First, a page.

Little Underbank – more intimate than Manchester
There are many ways ....
... to climb this town
Civic Stockport continued – St Peter's Square
The Borough is trying to improve the area through some handsome street paving schemes and there is a free bus linking the Old Town with the station and bus station. St Peter’s Square has been intelligently redesigned, using all the standard ingredients – stone, fountains, trees, planting, street furniture and lighting but in a confidently low key way, reflecting the fact that this is always going to be a quiet space, which is just what is needed. The cantilevered seats are particularly elegant.
Municipal pride on Wellington Road
Very Barbican – Stopford House
When you picked the wrong paint tin – Stockport College
St Thomas's Church – deserves more care
Stockport lacks a civic centre but its main public buildings can be seen on Wellington Road. The white stone Town Hall of 1904, in a somewhat unbalanced ‘free William and Mary’ style (Pevsner) is possibly more interesting internally than externally. The large extension ‘of uncompromisingly Brutalist design in mud coloured concrete’ is impressive, laid out around a grand gesture of open space (above the car park) with massive stairs and lush planters cascading down. Hardly used, the space has a sense of ruined grandeur (although actually well maintained) but for some reason the bureaucracy go to extraordinary lengths to stop skateboards and roller bladers, who might animate the place. Opposite the Town Hall is the Infirmary of 1832 with a long Ashlar front and Greek Doric portico and pediment, which ‘makes the Town Hall look very bumptious’ (Pevsner). Nearby is the ‘very free William and Mary’ Central Library of 1912, which reasserts some dignity against the McDonald golden arches opposite. On the corner of Greek Street is the classical War Memorial Art Gallery of 1925, most notable for its grand flight of steps. Opposite the dull, dolled up blocks of Stockport College is the picturesque St Thomas’s church, designed by George Basevi in 1822. Its west tower ends an attractive vista from Wellington Road but the surprise is the grand portico at the east end with fluted Ionic columns. Further south along the A6 is St George’s, the grandest church in Stockport with an extraordinary spire designed by Austin and Paley in 1896 and ‘even nationally speaking a masterpiece of the latest historicism’.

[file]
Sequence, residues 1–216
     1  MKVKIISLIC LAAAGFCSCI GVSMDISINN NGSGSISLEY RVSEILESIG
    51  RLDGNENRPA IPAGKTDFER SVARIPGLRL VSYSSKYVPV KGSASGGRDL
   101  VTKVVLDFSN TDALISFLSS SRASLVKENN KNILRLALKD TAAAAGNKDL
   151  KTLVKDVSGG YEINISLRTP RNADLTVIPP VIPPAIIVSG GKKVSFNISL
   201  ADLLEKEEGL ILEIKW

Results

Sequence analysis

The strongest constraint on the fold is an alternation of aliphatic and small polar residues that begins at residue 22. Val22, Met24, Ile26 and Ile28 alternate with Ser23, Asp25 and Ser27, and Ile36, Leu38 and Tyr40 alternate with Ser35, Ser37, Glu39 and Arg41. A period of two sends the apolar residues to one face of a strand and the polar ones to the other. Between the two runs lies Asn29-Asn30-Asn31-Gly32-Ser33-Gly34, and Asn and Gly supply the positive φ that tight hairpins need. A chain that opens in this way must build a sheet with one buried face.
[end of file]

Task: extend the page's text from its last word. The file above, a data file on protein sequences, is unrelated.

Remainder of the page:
Nineteenth century suburbs – near Hillgate
Postwar high-rises their architect would no longer recognise, Lancashire Hill
South of St George’s lie the rich Cheshire suburbs, a very different world from industrial Stockport. Here big detached houses hide in larger gardens protected by automatic gates. Of course it is not all like this; we are not yet in the bling of footballers’ Alderley Edge or Prestbury, although George Best started this trend with his modernist pad in Bramhall, now much altered. Mrs Jonestheplanner, brought up in Cheadle Hulme, recalls an almost idyllic childhood of Famous Five adventures where comfortable suburbia quickly gave way to no-man’s-land fringes of countryside. These ragged edges have since been largely filled with standard builders’ estates and some of the grander houses have been replaced with blocks of flats The ‘village’ shops (which included the Bramhall shopping precinct wittily nicknamed ‘Lenin’s Tomb’) are now largely estate agents, café bars or beauticians. It is all very aspirational, smart and prosperous, a model for Tory Britain. But this suburbia is inevitably intensely anti-urban and unsustainable. Everything revolves around the car and there is no real alternative. From Bramhall there is only one train an hour into Manchester. The Stagecoach bus runs every half hour, takes an hour, and get this, in the evening is run by First which won’t accept Stagecoach tickets. There is a Waitrose near Cheadle Hulme station but John Lewis, Sainsbury, Tesco and M&S are all on the A34 bypass with the only public transport an hourly bus from Stockport.
That John Lewis slogan (again)
How we live today
However, instead of learning from these mistakes and planning for a more sustainable future, Stockport (and Manchester) seem determined to promote more decentralisation and suburban sprawl. Manchester’s big thing is the development of ‘Airport City’, an £800m Chinese investment in offices, leisure, warehouses and factories. So the airport, already served by rail from across the north of England, by Metrolink, the M56 and the M60 now apparently requires a new ‘relief road’. This will run through the fragile rural fringe of suburbia linking the M56 to the A6 in the Peak District. The business case is amusing, including creating 5,000 jobs, supporting lower carbon travel and providing shorter journey times for pedestrians, cyclists and public transport users! And I’m a Dutchman, but our austerity government has of course funded it as ‘vital infrastructure’.
The belly of the place – To Let
The attraction of the Cheshire suburbs is obvious and development pressures on the rural fringe will become even more intense if the ‘Northern Powerhouse’ materialises. Meanwhile Stockport town centre declines; the market rules OK. What is lacking is a forward looking framework to shape a more sustainable future, the sort of thing Greater Manchester Metropolitan Council used to be quite good at, until Mrs Thatcher abolished it.
My ancient Pevsner is fairly perfunctory about Stockport. The revised Buildings of England for Cheshire by Clare Hartwell and Matthew Hyde gives much fuller attention to the town and, published in 2011, is pretty up to date.